H&M is being urged to speed up the remediation work it is carrying out at its Bangladesh supplier factories

H&M is being urged to speed up the remediation work it is carrying out at its Bangladesh supplier factories

Labour rights groups are once again calling on Hennes & Mauritz (H&M) to quicken the pace on Bangladesh supplier factory remediation work as the Swedish fashion retailer prepares to hold its annual general meeting.

With H&M shareholders due to meet in Sweden today (3 May), the Clean Clothes Campaign, International Labor Rights Forum, Maquila Solidarity Network, and Worker Rights Consortium have released a report claiming the majority of H&M's Bangladesh supplier factories are still not safe. Three years after becoming an Accord signatory, almost all of its factories remain behind schedule in carrying out mandated renovations they allege, with 70% still lacking adequate fire exits.

"There is no more excuse for such delays", said Ineke Zeldenrust of the Clean Clothes Campaign. "It is unacceptable that in the majority of H&M factories in Bangladesh workers still run the risk of being trapped in the building in case of a fire."

The NGOs say that H&M has responded to its campaign with increased transparency. However they say that while progress is visible, "the slow pace is concerning". 

The latest report suggests all those factories that in January still had lockable doors that might prevent workers from leaving the factory in an emergency have now removed those locks. Also, the percentage of sliding doors or collapsible gates still in place has decreased considerably. However, 69% of these factories have not completed the installation of all fire-rated doors – a higher percentage than the 55% recorded in January. Of all 54 checked factories, 70% still lack adequate fire doors, according to the report.

H&M has improved its transparency by publishing a series of charts in which it reported on its level of compliance with repairs and renovations required under the Accord. The fashion retailer, which covers all 255 of its suppliers in Bangladesh, says all collapsible gates and sliding doors have been removed. This, however, is at odds with the new report, which claims 61% have not yet completed the required fire door renovations.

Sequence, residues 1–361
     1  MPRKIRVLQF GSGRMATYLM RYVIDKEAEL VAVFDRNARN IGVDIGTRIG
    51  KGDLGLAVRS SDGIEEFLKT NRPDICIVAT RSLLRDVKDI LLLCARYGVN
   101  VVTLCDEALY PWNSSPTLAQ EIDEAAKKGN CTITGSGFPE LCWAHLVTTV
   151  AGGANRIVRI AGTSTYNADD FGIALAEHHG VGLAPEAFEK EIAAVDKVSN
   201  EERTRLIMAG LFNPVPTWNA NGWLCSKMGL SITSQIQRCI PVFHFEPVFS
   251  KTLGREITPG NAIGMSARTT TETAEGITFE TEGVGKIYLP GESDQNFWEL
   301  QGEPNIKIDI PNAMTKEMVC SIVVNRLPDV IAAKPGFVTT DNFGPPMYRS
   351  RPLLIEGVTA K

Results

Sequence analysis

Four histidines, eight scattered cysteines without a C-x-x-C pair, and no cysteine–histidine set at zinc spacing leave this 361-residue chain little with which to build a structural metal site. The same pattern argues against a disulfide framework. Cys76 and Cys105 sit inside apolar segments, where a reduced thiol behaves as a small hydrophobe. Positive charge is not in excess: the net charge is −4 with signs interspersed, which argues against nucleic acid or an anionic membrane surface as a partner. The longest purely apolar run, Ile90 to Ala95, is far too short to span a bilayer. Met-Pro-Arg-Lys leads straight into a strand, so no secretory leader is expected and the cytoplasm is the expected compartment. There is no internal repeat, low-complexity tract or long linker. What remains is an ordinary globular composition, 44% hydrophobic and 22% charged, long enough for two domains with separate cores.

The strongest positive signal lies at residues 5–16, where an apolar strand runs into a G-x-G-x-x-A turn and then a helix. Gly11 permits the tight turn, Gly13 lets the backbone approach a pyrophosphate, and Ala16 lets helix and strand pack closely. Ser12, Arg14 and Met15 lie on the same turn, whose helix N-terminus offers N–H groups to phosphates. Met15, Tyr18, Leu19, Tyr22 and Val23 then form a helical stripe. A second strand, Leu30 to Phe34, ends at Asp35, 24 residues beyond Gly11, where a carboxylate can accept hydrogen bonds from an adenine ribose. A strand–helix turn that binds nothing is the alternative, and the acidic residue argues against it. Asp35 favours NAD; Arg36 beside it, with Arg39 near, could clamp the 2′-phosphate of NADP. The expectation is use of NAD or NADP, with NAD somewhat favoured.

"As a result of campaign pressure, H&M is showing new levels of transparency, which is laudable," said Liana Foxvog of the International Labor Rights Forum. "However, the numbers they are releasing now are not only considerably lower than the numbers we retrieved for its most trusted suppliers, they also make H&M's earlier reassuring communication look questionable. H&M also still fails to inform us on what the company itself is doing to speed up the renovations."

Around 30 demonstrations are expected to be held in front of H&M stores globally on or around 3 May, calling on H&M to speed up repairs in Bangladesh to make factories safe. 

A spokesperson for the retailer said it was of "outmost importance" that all factories producing for the group are safe, and that all of its suppliers must follow H&M's mandatory fire safety requirements, adding that it welcomes even stricter regulations.

"The new additional requirements from the Accord on Fire and Building Safety, transforming the entire Bangladeshi textile industry, are gradually implemented at more factories. For example, H&M's suppliers have now reported that all locking features as well as all collapsible, sliding or rolling shutter doors have been removed at all factories. Detailed information on progress can be found either on the Accord website or at the H&M website. The work is a complement to the mandatory H&M requirements such as having emergency exits, emergency lights, fire alarms, fire extinguishers, evacuation plans and regular evacuation drills."

In February, a fire broke out at H&M supplier Matrix Sweaters, injuring up to 15 people. The International Labor Rights Forum and United Students Against Sweatshops said the fact there weren't more injuries was "largely due to the fact that most workers had yet to arrive for their shift. The Accord's inspection report for the factory revealed that it had missed dozens of deadlines to eliminate fire hazards and make the structure safe. Had the fire broken out just an hour later, scores of workers may have been trapped inside."

Click here to view the full report. 

Bangladesh factory fire renews fears for worker safety